Conflicts of interest can occur for a variety of reasons and is something that we talk about a lot within the service. So what is a conflict of interest? It’s any situation that compromises your therapist's objectivity. Often this is when your therapist has a relationship or personal situation that could affect their professional judgment when offering you therapy.
Some examples that we deal with include:
- a therapist seeing two members of the same family for individual therapy (rather than family or couples counselling)
- if you have a mutual friend, family member or colleague
- if you are a member of the same club or social group.
Although conflicts of interest often involve a third party, this isn’t always the case. Other examples include:
- a therapist accepting goods or services in lieu of payment
- something you’re bringing to therapy may be too close/personal for them. It could pose an ethical conflict if your therapist is struggling to deal with this on a personal level
- a therapist may not feel competent or have the level of training required
- there may be a ‘dual relationship’ where you already have a friendship or business relationship with them.
A further, clear conflict of interest would be if there’s a relationship (sexual or friendship) between a therapist and their client. This can prove tremendously damaging to a client since that person is often incredibly vulnerable in the therapeutic setting.
Good practise means that your therapist makes sure there are no obvious or foreseeable conflicts of interest when taking you on as a new client, bearing in mind that it’s not always possible to know depending on the information given by a new client. However, as soon as your therapist learns of a situation where there’s a conflict of interest, then speaking with their clinical supervisor and referring you to another therapist will be a consideration.
The onus is on the therapist to recognise when there might be a conflict of interest, which could have a detrimental impact on you and then make an appropriate ethical decision that’s in your best interests.
Referring to BACP Ethical Framework should also inform their decision-making. It refers to conflicts of interest as ‘Any professional or personal interests that conflict with putting a client’s interests first will be carefully considered in consultation with a supervisor, an independent experienced colleague or, when appropriate, discussed with the client affected before services are offered.’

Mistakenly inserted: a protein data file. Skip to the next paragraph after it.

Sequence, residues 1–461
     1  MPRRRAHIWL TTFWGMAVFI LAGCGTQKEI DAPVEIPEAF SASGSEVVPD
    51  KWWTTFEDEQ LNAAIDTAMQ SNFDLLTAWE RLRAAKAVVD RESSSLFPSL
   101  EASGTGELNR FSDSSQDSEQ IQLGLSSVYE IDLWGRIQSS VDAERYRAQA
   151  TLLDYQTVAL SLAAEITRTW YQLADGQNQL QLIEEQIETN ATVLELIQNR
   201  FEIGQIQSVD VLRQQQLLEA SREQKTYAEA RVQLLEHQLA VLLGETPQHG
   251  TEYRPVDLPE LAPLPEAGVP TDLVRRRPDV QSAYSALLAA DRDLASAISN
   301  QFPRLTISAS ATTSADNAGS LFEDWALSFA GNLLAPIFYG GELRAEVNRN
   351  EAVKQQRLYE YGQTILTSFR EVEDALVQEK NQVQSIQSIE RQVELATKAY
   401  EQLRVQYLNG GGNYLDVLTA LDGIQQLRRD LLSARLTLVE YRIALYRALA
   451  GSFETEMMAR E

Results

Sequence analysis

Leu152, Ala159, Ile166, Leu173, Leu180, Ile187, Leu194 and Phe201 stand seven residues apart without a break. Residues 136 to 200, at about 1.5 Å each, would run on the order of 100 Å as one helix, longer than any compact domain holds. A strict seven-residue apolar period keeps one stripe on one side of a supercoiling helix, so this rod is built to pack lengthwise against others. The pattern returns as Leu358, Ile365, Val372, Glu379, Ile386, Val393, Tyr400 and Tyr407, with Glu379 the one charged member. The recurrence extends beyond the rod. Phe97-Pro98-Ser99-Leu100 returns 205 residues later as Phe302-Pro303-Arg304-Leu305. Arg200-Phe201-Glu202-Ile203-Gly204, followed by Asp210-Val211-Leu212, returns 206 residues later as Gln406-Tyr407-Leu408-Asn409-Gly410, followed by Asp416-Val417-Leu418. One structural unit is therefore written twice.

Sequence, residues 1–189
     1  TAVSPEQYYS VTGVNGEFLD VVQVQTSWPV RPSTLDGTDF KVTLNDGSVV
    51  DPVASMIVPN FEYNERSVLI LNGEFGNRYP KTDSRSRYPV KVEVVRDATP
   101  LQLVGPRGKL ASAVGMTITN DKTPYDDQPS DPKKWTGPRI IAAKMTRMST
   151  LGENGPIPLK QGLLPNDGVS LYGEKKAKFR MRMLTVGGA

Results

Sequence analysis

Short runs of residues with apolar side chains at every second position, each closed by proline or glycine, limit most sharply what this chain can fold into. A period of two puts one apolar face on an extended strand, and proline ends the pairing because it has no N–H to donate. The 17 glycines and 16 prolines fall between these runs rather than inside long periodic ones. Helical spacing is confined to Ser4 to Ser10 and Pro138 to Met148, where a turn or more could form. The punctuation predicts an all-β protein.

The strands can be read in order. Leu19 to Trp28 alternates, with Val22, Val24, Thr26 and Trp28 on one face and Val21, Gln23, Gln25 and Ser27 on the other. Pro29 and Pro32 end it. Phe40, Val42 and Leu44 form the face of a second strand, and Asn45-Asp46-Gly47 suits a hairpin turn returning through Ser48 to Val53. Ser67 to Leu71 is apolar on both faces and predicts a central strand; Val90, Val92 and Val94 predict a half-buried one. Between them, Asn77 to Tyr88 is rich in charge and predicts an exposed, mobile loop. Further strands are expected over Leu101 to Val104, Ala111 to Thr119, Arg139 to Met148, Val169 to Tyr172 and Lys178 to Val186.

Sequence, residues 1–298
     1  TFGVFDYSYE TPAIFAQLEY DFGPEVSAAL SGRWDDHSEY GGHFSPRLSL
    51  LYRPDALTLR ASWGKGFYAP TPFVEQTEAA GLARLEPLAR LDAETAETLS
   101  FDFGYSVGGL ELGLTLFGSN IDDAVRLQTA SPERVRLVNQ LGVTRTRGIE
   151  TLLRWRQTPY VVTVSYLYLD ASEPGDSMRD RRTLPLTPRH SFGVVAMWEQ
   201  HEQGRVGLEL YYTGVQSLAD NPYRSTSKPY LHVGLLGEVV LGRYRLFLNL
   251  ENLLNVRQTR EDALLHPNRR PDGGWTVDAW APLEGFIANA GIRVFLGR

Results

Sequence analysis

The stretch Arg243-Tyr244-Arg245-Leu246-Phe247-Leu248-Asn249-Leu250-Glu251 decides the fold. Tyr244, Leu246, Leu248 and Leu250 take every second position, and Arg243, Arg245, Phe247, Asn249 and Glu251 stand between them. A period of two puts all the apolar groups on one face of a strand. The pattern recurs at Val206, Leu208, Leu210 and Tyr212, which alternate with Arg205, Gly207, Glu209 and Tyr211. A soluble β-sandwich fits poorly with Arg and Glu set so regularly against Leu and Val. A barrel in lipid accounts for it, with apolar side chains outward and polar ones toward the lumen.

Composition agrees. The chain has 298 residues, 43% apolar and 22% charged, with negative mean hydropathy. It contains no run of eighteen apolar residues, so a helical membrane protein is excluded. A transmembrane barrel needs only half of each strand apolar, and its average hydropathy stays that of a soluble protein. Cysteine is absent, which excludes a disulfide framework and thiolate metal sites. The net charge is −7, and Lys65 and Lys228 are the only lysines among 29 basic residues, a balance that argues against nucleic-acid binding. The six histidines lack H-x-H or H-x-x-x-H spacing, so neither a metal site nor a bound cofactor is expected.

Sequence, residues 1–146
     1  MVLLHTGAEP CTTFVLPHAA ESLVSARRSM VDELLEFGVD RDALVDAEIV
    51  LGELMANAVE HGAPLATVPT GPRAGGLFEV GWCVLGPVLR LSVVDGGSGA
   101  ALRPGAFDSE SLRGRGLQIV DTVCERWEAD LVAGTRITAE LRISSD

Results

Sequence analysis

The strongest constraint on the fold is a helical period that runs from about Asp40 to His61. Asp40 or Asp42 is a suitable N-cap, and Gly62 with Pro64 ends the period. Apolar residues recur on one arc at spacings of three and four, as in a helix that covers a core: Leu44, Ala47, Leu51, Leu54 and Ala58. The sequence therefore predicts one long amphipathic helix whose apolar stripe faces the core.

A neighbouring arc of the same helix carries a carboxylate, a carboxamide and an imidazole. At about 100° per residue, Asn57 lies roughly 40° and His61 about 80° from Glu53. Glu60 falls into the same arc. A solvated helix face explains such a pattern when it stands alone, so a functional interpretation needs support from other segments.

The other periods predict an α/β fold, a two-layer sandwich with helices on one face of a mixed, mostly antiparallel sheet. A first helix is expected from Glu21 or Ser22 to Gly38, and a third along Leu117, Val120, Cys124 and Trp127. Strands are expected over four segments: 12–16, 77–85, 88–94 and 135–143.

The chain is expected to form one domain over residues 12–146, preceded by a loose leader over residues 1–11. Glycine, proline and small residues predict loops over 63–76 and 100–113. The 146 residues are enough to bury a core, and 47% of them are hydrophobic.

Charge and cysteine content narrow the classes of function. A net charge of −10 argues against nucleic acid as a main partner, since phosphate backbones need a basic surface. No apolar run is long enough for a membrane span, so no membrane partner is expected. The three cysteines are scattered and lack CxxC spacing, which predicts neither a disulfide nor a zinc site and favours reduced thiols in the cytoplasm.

Good practise is that therapists are transparent with you about any conflicts of interest. Not telling you may leave you in a place of uncertainty and unable to process the situation. However, although your therapist may be able to advise you if there’s a conflict of interest, they may be unable to disclose the details. This could be to protect a client’s confidentiality, so you may not always know exactly why they are unable to offer you therapy.
It’s worth pointing out that not all outside relationships with a therapist will pose a significant conflict of interest in therapy. For instance, if someone attends a fitness club where their therapist also happens to attend, this may be relatively harmless, although it can potentially affect a client’s privacy, or make them feel slightly uncomfortable if they meet their therapist in a social setting. The therapist is still bound by confidentiality, and can’t disclose that the person is their client, which may make for a few awkward moments if not discussed beforehand. How meetings in the ‘outside world’ are to be handled should be discussed when contracting with the client.
On the other hand, not all clients want to see their therapist in the outside world and prefer anonymity and privacy when attending therapy. They may feel more conflicted about discussing their problems with someone they know or are likely to meet regularly. When dual relationships exist, it’s important to find out if they have the potential to create discomfort in therapy, for either the therapist or client, and to decide if the client would be best served with another therapist. The Ethical Framework states that dual relationships should be avoided if at all possible.
So, there are various reasons a therapist may refuse to start/continue therapy with you due to conflicts of interest. Although this may feel like rejection, it’s typically not personal. Most reasons relate to professional ethics. Being referred on is no reflection on you. It’s about making sure you get the best care possible.
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